Hong Kong Palace Museum hints at content of its first exhibitions by posting image of painting Five Oxen, a grade 1 Chinese national treasure
- Museum’s director stresses it won’t house touring exhibitions from Beijing, but pick from its collection and show works in a way Hong Kong people can relate to
- Art history experts voice hope for museum and stress the importance of its values, which Ng sums up as having a global perspective on Chinese cultural history
The Hong Kong Palace Museum (HKPM) is keeping quiet about the precise content of its opening exhibitions. But this week, the appearance of an image on its website has raised hopes that its namesake in Beijing will allow some of its best-known pieces to travel to the new institution when it opens in June 2022.
Five Oxen, owned by The Palace Museum in Beijing, is believed to be the earliest surviving paper painting in China and is traditionally attributed to the Tan -dynasty politician and painter Han Huang (723-787).
The HKPM refuses to say whether the painting is coming to Hong Kong, and says merely that the “grade 1” national treasure and other art it is using for publicity purposes, such as an early equestrian portrait of Qing Emperor Qianlong by Giuseppe Castiglione, are indicative of “the types and quality” of the 800 exhibits it will borrow from Beijing.
The HKPM has no collection of its own, nor any money to acquire one. A donation policy is being drafted so it can vet gifts in the future. Talks are also under way for collaboration with international museums.
However, loans from The Palace Museum will always account for around two-thirds of its exhibits and most will never have left the Forbidden City before, an indication of the special relationship between the two bodies, HKPM director Louis Ng Chi-wa says. It is this relationship that muddles public perception of its identity.
In 2016, when Carrie Lam Cheng Yuet-ngor – at the time chief secretary for administration in Hong Kong and now its head as chief executive – revealed plans for HKPM to the board of the West Kowloon Cultural District Authority and the general public as a fait accompli, the then chief executive Leung Chun-ying, hailed it as a gift from the central government in Beijing.
Exhibitions in public museums in China often promote Chinese exceptionalism and have overt propagandistic purposes, as shown by last year’s rare public showing of Five Oxen at Beijing’s National Museum of China. The museum described the recovery of the painting from Hong Kong as “a unique side story that can tell the rising of the Chinese nation, the historical process of how it has become wealthy and strong, and strongly expresses the spirit of patriotism”.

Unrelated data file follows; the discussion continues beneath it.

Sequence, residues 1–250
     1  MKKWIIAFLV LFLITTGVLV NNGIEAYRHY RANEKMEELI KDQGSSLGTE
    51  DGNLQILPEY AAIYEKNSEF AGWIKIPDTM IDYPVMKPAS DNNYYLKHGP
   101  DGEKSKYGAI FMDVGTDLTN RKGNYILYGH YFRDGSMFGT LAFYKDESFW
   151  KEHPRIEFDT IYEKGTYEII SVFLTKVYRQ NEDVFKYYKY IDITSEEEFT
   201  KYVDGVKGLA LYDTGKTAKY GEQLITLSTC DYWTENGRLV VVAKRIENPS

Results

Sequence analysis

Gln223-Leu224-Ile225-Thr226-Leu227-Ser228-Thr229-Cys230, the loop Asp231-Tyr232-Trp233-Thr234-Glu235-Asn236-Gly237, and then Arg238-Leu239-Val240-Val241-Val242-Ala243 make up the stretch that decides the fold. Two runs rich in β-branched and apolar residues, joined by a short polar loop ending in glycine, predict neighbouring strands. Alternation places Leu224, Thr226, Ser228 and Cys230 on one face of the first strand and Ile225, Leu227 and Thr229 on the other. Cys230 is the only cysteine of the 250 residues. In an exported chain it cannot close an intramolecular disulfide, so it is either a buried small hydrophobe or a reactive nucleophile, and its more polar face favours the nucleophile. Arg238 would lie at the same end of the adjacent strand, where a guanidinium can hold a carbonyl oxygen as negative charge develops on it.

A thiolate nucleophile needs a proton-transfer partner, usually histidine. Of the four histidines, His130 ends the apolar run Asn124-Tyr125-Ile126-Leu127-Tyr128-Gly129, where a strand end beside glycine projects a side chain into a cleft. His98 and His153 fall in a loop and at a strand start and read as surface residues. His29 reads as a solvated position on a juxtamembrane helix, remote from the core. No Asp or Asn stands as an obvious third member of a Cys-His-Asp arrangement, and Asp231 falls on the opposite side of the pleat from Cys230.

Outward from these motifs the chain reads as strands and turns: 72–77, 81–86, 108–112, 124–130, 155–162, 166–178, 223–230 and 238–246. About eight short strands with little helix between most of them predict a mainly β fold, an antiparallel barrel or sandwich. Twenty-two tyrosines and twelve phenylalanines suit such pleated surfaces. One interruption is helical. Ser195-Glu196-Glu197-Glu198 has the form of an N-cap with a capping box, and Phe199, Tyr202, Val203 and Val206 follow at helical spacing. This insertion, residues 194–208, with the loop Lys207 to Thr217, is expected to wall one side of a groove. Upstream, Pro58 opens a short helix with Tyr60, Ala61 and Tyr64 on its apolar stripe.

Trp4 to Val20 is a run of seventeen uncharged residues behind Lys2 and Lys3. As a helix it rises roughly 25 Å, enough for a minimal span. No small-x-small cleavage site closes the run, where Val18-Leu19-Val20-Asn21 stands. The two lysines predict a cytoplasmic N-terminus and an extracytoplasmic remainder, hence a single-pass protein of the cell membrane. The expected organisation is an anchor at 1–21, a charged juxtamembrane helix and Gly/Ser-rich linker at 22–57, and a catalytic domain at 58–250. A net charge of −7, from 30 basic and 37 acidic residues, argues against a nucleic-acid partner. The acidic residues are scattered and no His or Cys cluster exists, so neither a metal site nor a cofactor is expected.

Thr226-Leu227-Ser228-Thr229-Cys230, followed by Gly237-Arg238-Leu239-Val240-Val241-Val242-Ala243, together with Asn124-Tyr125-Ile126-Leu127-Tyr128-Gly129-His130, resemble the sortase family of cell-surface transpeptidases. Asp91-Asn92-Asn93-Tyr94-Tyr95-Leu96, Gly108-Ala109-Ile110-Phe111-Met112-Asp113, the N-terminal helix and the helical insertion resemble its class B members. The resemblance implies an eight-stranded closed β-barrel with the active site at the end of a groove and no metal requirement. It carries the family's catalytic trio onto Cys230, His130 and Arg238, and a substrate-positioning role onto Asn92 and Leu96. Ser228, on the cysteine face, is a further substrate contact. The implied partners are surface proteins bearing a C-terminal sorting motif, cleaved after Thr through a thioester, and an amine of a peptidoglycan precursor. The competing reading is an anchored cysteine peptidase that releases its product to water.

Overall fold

“We are not a satellite museum. We are not going to be showing touring exhibitions from the Palace Museum. Our own team will decide how we tell a good story about the pieces in a way Hong Kong people can relate to,” Ng says.
Ng, previously the deputy director of the Hong Kong government’s Leisure and Cultural Services Department, says the HKPM is apolitical and its curators, led by deputy director Daisy Yiyou Wang, have carte blanche access to the Beijing collection and freedom to design exhibitions the way they want.
The 800 pieces her team have selected will fill seven of the nine galleries of the museum, which was designed by Hong Kong architect Rocco Yim and has 7,800 square metres (84,000 square feet) of exhibition space.
On a display board shown during a press tour last week, the Five Oxen appeared next to the description for an exhibition titled “The Making of Masterpieces: Treasures of Painting and Calligraphy from the Palace Museum”. Other exhibitions will include two themed around the art of horses and portraits of emperors and empresses – either could feature Castiglione’s monumental portrait of The Qianlong Emperor in Ceremonial Armour on Horseback (1739), an image of which the museum’s publicity team sent out last week.
China-born Wang, who has a PhD in art history from Ohio University in the United States and has worked for many years at museums there, says the museum’s cosmopolitan team will bring a broad perspective to its programming and research projects.
Professor Yeewan Koon, chair of the art history department at the University of Hong Kong, has hopes for HKPM. “I hope it will nurture the research of Chinese art history – one that raises the bar of intellectual engagement. I think too often museums, in wanting to be popular, flatten out our histories into sound bites that create stereotypes of the past.”
Jay Xu, director and CEO of the Asian Art Museum of San Francisco, says all museums, HKPM included, must ask hard questions about what their own values mean to the public. The AAM has just removed the bust of its founder donor Avery Brundage and distanced itself from his racist, sexist and anti-Semitic comments. “It is work that has only just began, but if we have all learned anything from this moment, it is that values matter,” Xu says.
Just what are the values behind the HKPM?
“We want to bring a modern perspective and a global context to the study of Chinese cultural history. We want to conduct research and shape exhibitions with international partners. And yes, we will partner with the National Palace Museum in Taipei if we can reach an agreement. We don’t consider politics,” Ng says.